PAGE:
| RIYADH, June 16
RIYADH, June 16 Crown Prince Nayef, who died on
Saturday, built the formidable security force which crushed an
al Qaeda revolt in Saudi Arabia and with it any dissent against
his family's century-old grip on the world's leading oil
To liberals, Nayef, a son of the state's founder, was the
forbidding face of a conservative establishment that opposed any
real moves toward democracy or greater women's rights, oversaw
the fearsome religious police and for years headed an Interior
Ministry which imprisoned political activists without charge.
But former diplomats, local journalists and members of the
ruling house described him as a more flexible man in private,
who survived more than three decades at the centre of a Saudi
political system in which dozens of uncles, half-brothers, sons
and nephews jostle for influence and fortune.
"Nayef is widely seen as a hardline conservative who at best
is lukewarm to King Abdullah's reform initiatives," said a 2009
U.S. diplomatic cable about the prince, who was in his late 70s.
"However, it would be more accurate to describe him as a
conservative pragmatist convinced that security and stability
are imperative to preserve al-Saud rule and ensure prosperity
for Saudi citizens," said the cable, published by WikiLeaks.
Soon after the Sept. 11 attacks on New York in 2001, Nayef
infuriated Washington, a close ally and big buyer of its oil, by
dismissing the initial reports that Saudi citizens carried out
the attacks. It turned out 15 of the 19 hijackers were Saudis.
That incident gave him a reputation in some quarters as
anti-Western, but in fact Western diplomats were generally
impressed with the way his interior ministry suppressed an al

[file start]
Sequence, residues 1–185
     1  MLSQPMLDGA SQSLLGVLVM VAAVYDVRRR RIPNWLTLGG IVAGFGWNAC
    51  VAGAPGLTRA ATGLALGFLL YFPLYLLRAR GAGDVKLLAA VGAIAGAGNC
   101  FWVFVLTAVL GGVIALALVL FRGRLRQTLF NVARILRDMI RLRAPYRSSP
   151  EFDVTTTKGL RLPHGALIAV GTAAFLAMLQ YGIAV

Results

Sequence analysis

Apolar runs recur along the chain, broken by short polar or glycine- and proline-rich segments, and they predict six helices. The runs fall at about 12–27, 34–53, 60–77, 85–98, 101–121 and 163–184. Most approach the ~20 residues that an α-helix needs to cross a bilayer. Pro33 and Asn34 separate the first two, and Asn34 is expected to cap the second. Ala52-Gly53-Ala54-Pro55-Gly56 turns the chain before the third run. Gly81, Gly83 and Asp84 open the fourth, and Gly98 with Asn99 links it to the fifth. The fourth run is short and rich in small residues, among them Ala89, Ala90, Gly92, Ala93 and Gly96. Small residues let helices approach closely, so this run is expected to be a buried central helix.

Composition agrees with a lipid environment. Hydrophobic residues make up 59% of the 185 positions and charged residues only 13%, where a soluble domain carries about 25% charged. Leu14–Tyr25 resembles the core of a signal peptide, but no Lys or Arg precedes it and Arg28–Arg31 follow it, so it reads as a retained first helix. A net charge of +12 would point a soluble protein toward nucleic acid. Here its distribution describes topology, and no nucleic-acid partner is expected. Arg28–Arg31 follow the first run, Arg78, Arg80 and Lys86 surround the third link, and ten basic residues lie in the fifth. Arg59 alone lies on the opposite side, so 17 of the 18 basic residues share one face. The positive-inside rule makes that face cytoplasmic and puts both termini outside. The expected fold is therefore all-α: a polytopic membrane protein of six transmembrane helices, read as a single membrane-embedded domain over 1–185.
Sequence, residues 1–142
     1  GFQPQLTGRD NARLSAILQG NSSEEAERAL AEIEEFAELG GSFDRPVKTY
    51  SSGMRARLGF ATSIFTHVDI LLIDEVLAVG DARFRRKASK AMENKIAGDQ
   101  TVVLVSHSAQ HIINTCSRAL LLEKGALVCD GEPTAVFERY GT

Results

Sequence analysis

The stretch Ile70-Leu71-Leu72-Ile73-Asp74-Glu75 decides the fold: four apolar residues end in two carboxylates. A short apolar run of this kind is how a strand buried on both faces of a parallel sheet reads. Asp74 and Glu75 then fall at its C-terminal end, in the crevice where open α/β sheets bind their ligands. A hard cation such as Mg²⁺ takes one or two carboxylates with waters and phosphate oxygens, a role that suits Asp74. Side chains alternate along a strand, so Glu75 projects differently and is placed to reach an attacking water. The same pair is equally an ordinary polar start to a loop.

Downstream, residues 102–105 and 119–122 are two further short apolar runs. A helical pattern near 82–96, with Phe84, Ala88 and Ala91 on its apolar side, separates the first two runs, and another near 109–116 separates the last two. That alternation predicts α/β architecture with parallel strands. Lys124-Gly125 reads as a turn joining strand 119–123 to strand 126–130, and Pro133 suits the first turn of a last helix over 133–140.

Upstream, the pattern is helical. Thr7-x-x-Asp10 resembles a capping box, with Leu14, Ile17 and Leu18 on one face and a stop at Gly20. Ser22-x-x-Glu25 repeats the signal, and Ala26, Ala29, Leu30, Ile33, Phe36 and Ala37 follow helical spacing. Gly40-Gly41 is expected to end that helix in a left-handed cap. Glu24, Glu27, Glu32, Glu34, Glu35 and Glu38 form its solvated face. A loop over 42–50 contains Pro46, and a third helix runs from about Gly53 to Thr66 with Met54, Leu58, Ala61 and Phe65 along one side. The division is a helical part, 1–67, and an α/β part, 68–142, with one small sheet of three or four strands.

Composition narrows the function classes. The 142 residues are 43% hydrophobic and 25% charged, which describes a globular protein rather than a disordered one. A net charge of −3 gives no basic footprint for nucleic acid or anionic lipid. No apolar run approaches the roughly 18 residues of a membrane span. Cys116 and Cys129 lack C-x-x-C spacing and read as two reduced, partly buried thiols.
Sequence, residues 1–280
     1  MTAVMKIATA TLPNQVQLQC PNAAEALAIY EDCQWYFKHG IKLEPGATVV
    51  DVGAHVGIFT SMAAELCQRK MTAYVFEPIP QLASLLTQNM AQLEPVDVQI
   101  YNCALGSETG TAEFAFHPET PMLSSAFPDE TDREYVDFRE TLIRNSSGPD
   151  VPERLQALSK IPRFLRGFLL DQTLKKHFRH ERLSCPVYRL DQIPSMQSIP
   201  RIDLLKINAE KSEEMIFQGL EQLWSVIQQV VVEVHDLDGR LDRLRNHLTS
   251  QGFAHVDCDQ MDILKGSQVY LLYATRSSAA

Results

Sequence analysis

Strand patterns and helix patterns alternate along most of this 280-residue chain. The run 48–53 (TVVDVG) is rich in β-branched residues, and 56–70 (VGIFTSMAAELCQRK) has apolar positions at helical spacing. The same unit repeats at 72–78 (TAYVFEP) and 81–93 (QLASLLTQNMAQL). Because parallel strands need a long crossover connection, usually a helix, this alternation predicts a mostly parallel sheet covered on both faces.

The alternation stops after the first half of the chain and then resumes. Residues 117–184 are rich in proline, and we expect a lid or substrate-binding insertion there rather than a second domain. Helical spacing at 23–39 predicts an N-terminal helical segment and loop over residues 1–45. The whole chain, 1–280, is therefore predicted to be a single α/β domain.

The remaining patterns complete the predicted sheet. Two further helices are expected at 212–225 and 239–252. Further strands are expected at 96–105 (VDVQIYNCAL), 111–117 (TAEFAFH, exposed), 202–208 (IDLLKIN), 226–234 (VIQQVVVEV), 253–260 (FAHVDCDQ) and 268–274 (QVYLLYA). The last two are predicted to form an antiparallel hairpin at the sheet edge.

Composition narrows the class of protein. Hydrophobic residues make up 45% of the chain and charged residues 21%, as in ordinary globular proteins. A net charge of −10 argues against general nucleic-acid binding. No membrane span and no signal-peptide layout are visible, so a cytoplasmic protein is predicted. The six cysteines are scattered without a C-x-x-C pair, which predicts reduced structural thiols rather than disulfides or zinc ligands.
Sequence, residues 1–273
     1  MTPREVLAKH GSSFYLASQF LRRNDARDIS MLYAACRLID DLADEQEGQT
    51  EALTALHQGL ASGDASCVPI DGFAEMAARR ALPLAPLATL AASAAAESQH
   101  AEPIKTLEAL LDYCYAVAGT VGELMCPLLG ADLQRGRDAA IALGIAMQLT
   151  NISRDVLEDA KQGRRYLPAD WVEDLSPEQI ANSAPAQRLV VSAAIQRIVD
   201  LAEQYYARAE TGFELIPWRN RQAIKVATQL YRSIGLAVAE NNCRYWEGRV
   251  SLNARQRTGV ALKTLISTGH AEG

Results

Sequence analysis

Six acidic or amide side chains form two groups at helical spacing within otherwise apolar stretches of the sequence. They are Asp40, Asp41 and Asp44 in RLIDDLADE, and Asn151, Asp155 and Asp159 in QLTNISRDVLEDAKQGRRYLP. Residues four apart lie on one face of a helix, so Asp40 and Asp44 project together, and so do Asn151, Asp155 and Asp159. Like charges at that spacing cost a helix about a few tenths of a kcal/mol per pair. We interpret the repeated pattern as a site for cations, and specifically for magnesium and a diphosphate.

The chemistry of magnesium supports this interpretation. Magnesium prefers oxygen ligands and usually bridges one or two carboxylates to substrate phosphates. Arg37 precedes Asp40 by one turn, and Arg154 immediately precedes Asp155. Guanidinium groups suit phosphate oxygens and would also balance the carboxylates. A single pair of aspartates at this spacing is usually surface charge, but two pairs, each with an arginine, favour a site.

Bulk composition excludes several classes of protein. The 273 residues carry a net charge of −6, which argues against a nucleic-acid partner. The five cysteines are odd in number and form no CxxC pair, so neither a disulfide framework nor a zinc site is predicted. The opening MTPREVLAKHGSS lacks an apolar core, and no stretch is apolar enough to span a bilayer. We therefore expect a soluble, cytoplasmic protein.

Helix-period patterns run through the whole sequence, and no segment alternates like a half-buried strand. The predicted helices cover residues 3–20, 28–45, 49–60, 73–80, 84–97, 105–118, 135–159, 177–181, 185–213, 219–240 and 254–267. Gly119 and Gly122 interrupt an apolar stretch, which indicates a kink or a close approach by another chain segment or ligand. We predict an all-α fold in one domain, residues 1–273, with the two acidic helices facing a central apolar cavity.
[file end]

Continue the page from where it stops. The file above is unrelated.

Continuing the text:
Qaeda bombing campaign inside Saudi Arabia a few years later.
AUSTERE DESERT KINGDOM
His main concern was battling al Qaeda in the kingdom and in
neighbouring Yemen and maintaining a strong barrier against
Shi'ite arch-enemy, Iran, according to U.S. embassy assessments.
"Like many of his compatriots, though not King Abdullah,
Nayef displays signs of personal prejudice against the Shi'ites,
and has taken an increasingly hard line in dealing with Shi'ite
unrest throughout the kingdom," said the WikiLeaks cable.
"Some Shi'ite activists see Nayef as the source of most
sectarian discrimination," it added.
Nayef was regarded as closer than many of his brothers to
the hardline Wahhabi religious establishment whose support had
been vital to his father's establishment of the state in the
early 20th century. As a result, he enjoyed particular favour
from the clergy who provide legitimacy to the royal house.
Nayef's elevation to crown prince, next in line to the
throne, after the death of his brother Sultan last year had
alarmed moderates and liberals who feared that if he succeeded
as king he would stop reforms his brother Abdullah has started.
Like the rest of his family, personal details of the
prince's life were rarely confirmed officially, or left vague.
Nayef was born in around 1933 in Taif, the mountain town
where the royal court would annually retreat to each year from
the stifling summer heat of the desert capital Riyadh and the
Red Sea port of Jeddah, the kingdom's second city.
Saudi Arabia had only a year earlier come into being as a